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Tanzania – New Rights on the Legal Age of Marriage for Women

Tanzania – New Rights on the Legal Age of Marriage for Women

The month of October brought about a monumental change in Tanzania when on 23 October 2019, the Court of Appeal passed a judgment that minor women (under 18 years of age) will no longer be eligible to get married in the country. This breakthrough was a result of Ms Rebeca Gyumi’s initiative through the case of Miscellaneous Civil Cause Number 5 of 2016.

Ms Gyumi is the founder of a local charity called the Msichana Initiative which solely promotes the rights of young women. She appealed to the Tanzanian High Court opposing the constitutionality of sections 13 and 17 of the Law of Marriage, Cap 29 R.E 2002 (LMA), those sections essentially enabled girls to marry when they were 15 years of parental consent and 14 years of parental consent with the approval of the Court. Rebeca argued that, when modified, the above parts violate the terms of Articles 12, 13 and 18 of the United Republic of Tanzania Constitution of 1977 (Constitution). 23 October 2019 will go down in history as a victory for women, children and human rights. The Court of Appeal handed down its decision that girls under the age of 18 years cannot get married in Tanzania.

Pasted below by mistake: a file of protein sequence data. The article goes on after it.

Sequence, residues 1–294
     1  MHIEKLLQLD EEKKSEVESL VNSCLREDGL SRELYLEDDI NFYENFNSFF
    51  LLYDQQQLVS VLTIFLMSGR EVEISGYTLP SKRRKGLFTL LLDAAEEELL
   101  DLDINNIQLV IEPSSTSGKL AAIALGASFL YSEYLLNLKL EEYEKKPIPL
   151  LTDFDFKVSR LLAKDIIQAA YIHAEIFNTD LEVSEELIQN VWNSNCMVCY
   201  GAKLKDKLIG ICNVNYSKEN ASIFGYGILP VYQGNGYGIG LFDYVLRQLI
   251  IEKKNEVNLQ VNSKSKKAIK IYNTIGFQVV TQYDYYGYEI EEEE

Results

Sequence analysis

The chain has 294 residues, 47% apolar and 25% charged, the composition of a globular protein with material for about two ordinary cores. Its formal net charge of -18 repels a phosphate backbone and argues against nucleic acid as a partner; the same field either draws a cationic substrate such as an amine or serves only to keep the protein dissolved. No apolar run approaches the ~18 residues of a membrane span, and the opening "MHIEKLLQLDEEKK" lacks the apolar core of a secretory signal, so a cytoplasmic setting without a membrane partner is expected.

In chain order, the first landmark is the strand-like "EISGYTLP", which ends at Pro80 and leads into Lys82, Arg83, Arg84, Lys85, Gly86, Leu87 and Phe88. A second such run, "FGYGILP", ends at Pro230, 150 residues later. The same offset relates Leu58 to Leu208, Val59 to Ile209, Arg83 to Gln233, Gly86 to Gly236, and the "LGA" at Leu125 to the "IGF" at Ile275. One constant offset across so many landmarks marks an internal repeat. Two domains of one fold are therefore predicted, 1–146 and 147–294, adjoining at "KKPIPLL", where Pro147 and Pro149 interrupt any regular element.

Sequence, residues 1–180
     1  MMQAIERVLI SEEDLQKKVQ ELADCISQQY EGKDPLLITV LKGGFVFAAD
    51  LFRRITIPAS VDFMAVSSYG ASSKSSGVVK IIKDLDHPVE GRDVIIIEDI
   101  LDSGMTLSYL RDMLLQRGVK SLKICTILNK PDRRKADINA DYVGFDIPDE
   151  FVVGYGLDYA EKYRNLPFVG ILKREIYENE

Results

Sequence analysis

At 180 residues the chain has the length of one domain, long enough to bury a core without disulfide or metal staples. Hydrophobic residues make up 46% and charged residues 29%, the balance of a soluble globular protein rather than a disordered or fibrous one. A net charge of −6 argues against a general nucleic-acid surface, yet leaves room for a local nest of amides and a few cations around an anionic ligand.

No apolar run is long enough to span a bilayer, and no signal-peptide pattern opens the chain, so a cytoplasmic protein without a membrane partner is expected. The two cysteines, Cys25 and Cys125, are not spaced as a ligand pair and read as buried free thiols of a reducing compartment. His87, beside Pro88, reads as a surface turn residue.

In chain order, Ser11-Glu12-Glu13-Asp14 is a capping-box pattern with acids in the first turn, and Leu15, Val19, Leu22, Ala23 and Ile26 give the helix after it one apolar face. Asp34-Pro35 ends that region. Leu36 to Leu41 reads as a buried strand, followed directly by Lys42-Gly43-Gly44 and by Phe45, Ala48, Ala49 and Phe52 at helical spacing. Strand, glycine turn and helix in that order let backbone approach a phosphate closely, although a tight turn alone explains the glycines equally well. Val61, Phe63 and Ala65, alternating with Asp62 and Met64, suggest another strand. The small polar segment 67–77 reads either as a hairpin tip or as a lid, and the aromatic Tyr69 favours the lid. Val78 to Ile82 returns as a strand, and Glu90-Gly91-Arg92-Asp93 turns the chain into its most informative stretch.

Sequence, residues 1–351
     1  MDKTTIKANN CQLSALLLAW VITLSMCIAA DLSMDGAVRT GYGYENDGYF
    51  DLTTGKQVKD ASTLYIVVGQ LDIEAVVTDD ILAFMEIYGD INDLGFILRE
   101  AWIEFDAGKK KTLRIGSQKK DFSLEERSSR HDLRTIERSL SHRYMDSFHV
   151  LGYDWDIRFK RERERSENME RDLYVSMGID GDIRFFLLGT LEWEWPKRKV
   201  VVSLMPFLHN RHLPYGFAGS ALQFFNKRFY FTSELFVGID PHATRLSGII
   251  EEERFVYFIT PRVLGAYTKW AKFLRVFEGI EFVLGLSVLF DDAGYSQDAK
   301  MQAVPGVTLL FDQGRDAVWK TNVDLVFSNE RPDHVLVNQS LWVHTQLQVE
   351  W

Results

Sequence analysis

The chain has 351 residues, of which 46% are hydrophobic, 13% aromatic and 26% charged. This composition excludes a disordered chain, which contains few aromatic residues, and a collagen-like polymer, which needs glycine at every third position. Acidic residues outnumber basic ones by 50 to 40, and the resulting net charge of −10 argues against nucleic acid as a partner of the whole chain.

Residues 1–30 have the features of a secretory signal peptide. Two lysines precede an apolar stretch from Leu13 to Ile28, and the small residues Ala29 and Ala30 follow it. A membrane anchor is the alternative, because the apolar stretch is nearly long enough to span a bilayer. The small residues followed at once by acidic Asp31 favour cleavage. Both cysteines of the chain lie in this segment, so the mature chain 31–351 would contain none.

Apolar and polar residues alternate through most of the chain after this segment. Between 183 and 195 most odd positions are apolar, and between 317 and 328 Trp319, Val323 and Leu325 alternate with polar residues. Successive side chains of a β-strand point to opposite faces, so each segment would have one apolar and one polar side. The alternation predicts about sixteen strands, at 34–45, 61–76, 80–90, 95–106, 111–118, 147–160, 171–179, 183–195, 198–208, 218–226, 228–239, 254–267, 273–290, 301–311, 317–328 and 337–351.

Ms Gyumi also requested a resolution declaring that the terms of Sections 13 and 17 of the LMA would be considered null and void and that 18 years would remain the legal marriage age should remain 18 years above from now until the law changes.

The ruling:

In 2016, the High Court found that the terms of sections 13 and 17 of the LMA violated the principles of equality set out in Sections 12(1) and 13(1) of the Constitution and ruled that those sections were unconstitutional. The High Court ordered the State, through the Attorney General, to fix the alleged irregularities within the rules of the said parts within one year from the date of the judgment and, then, to define 18 years as the qualifying age for marriage for both boys and girls. The Attorney General challenged the Court of Appeal this 2016 ruling, which was rejected today by the Court's appeal.